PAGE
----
Know the Wisdom In Your Limitations – Make It Happen Monday

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I don’t watch a whole lot of television, but last night after the monster Easter feast I sort of plunked down in front of the tube, three-quarters asleep, and zoned out for a while. After a little bit of channel surfing in my carb-induced stupor I came on one of these entrepreneurial shows that sort of caught my interest.

Chef Bobby Flay, of Food Network fame, has apparently got some sort of reality/competition show (Google tells me that it’s fittingly titled: “America’s Next Great Restaurant”) that takes entrepreneurs in the food business and puts them through a variety of challenges, with the winner earning a restaurant chain.

Given that I’m a fan of both food and business, as well as having worked in the bar industry for a long time, this actually kept my attention.

The contestants were put through a trial run of their restaurant They had to prepare their food, hire and train staff with very little notice, and then put their booth up at an expo to sell the food, collect feedback, etc. It was a pretty cool little challenge, actually.

There were the expected ups and downs, successes and failures, and surprises that come with a “live” trial. After it was all said and done the contestants were brought, in true reality show dramatic fashion, before the panel of judges (Flay and other master chefs/restaurant owners) to receive feedback.

One contestant absolutely floored me. His little booth had done pretty well, although he was not the winner, but it was his feedback that totally threw me. He was asked by one of the chefs what he viewed as the biggest challenge of the whole thing and his response was:

“Well, I’m trying to figure out what’s supposed to be so hard about this whole thing”

Wow. Are you freaking SERIOUS? Remember… HE DIDN’T WIN!

Needless to say, the panel was apparently as shocked as I. When they pressed him on what his strengths and weaknesses were and advised him that he might want to figure some of this out his response was simply that he didn’t have any weaknesses.

That, my friends, is a recipe (Oh, come on, I couldn’t resist) for failure.

It’s good to be confident. I’d say it was required, even, to be a great man.

You don’t have to be a genius to be super successful. As a matter of fact, the smartest guys out there are often a step or two behind when it comes to succeeding because they over-think everything. So maybe this guy has decided that running a restaurant chain doesn’t require you to be a brain surgeon. That’s also true. But it definitely requires someone who knows themselves and knows how to delegate.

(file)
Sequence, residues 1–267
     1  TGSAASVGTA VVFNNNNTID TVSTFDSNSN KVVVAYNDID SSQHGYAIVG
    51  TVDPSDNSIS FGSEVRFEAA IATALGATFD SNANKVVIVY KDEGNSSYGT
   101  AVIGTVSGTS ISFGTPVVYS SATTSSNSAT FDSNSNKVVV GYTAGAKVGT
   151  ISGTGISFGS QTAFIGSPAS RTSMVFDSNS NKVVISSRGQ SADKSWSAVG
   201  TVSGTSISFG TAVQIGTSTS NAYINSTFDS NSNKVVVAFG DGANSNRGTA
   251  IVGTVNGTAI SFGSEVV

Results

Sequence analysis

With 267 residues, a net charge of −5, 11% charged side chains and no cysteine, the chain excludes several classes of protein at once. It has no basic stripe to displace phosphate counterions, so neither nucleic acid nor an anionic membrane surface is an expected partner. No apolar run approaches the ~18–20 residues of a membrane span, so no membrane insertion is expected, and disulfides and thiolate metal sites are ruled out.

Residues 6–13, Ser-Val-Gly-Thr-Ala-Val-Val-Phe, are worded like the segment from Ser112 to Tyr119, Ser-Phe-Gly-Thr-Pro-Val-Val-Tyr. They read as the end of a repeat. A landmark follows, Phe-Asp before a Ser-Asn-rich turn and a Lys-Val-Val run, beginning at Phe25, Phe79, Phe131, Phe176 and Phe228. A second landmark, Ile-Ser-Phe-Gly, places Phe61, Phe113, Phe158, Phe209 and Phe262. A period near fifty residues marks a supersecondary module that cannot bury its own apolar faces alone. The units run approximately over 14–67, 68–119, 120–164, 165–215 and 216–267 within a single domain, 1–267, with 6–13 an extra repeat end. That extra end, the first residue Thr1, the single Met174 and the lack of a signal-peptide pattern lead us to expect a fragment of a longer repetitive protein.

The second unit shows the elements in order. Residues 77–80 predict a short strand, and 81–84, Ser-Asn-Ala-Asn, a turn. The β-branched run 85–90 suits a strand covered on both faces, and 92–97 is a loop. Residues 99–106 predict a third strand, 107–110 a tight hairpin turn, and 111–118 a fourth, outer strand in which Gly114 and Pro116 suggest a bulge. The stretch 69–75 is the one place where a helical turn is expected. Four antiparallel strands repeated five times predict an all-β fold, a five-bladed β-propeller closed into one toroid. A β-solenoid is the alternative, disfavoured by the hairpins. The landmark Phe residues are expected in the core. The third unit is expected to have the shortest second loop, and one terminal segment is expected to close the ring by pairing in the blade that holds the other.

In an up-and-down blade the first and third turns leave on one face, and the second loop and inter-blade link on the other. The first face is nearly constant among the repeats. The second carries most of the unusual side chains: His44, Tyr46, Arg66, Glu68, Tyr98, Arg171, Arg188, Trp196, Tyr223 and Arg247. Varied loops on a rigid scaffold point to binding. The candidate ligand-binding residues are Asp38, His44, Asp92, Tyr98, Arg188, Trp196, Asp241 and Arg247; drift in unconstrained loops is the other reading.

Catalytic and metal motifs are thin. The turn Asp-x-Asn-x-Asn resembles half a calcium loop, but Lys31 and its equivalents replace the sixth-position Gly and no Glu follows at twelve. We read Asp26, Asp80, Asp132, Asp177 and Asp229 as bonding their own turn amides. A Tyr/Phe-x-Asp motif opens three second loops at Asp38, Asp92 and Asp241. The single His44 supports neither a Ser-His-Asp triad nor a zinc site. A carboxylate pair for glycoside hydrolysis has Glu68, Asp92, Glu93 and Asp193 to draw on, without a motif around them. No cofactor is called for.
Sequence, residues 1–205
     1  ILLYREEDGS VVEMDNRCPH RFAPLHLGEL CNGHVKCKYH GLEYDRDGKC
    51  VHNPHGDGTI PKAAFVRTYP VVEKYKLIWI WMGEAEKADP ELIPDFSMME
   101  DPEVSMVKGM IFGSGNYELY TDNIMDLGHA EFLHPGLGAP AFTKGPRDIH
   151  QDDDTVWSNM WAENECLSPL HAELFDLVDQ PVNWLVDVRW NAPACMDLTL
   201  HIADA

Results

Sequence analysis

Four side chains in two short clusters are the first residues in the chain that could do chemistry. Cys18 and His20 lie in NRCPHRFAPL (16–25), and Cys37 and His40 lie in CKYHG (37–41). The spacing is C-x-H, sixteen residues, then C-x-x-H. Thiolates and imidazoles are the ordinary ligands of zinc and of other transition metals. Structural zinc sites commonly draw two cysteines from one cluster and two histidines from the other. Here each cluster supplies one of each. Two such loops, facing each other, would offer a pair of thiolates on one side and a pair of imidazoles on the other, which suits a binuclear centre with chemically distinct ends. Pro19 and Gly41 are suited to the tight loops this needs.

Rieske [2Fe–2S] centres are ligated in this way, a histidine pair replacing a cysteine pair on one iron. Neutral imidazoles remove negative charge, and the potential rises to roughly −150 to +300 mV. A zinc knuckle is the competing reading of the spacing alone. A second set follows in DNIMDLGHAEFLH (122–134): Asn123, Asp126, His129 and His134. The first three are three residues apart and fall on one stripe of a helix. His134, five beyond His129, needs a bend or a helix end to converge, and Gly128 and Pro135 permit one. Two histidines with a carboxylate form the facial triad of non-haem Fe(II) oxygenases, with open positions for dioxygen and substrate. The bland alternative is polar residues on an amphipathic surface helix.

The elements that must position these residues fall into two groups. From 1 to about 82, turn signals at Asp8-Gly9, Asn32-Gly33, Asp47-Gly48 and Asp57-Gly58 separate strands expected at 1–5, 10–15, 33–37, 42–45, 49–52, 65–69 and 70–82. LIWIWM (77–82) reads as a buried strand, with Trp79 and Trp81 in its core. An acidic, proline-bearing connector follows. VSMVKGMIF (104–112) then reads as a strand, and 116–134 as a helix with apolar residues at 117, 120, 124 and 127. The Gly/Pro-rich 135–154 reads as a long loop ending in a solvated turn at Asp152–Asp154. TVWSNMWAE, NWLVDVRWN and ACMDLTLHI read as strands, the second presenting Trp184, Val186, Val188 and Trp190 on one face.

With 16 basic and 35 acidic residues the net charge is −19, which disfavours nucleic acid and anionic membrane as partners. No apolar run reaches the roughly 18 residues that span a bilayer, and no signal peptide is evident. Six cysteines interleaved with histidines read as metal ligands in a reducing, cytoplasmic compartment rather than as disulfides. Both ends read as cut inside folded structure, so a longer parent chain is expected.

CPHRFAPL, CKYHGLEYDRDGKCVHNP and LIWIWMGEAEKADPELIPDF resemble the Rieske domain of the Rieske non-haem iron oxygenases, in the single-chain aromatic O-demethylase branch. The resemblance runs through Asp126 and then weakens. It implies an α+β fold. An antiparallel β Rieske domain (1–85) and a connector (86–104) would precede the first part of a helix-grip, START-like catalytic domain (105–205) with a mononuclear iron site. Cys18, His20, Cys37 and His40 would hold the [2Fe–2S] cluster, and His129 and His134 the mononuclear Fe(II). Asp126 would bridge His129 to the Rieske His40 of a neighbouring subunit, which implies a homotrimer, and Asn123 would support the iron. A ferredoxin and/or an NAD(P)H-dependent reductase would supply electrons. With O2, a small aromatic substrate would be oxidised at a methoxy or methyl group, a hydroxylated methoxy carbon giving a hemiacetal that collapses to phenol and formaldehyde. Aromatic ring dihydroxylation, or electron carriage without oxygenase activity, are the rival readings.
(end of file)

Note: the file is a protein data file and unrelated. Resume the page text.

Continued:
If you’re going to be successful, here’s a fact that you’re gonna have to swallow: You don’t do everything perfectly, and you’re not the best in the world at every single facet of your business. Sure, you might be pretty good at most everything, and great at some things, but you don’t rule every roost. That was mean-spirited of me, I know, but sometimes the truth is a bitch.

Since you don’t rule every roost, wouldn’t it behoove you to find those that do and make use of their skills? For example, I am pretty good at fixing and helping clients heal up little aches and pains, but I’m not a physical therapist or a rehab trainer. I’m really good at getting people big, lean, and strong. I train another trainer who specializes in rehab. So, when I have a rehab situation, I send my people to her. When she has someone approach them about maximizing power and performance, she sends them to me.

Can I help you out with some general stuff? Sure. Is it my business? Nope. Can she design a program to make someone faster or stronger? Yeah. Does she do that stuff day in and day out? No, that’s why she trains with me for her own training (and in return she does body work on me when I jack myself up). I stick with what I’m good at, learn what I can about what I’m not, and turn to experts when I need to.

Here’s your Make It Happen Monday assignment:

1. Create a list of the biggest requirements of your life, job, relationship, and happiness.

2. Within those requirements, create a list of your strengths and weaknesses.

3. Go through those lists and split your weaknesses into two groups: Skills to Improve, and Skills to Delegate.

4. Utilize that decision to save yourself time and frustration and really crush the things that you excel in: Your Strengths!





What are you going to be learning more about and what are you going to be delegating?

Comments on Know the Wisdom In Your Limitations – Make It Happen Monday Leave a Comment

April 26, 2011

Pete @ 2:21 am #

This was awesome Ice-man! Thank you so much. Lately I have been overthinking everything and alomost getting to the point of being a little bitch. (Well at least to myself) My characterisitic of trying to be perfect snuck up on me again. I am working on this ebook and i keep changing sh*t up. FRUSTRATING. I should just G.A.P. It (Grow a pair) and be happy with the mistakes. At least it will be a finished porjeect.
Did you have this problem with yours?
Thanks man for that today needed it!

Isaac @ 10:37 am #

Hey Pete,

Definitely, man. It took me FOREVER to get my book out because I kept rewriting it, messing with it, second guessing myself, and so on. Obviously you don’t want to turn out a crap product, but eventually you just gotta get it out there.

The things that you aren’t great with? Find somebody that is to help you, bro!

Isaac

April 27, 2011

Trevor Lea-Smith @ 11:47 am #

G.A.P. Sounds like a good plan. I can definitely use that with aspects of the Biz.

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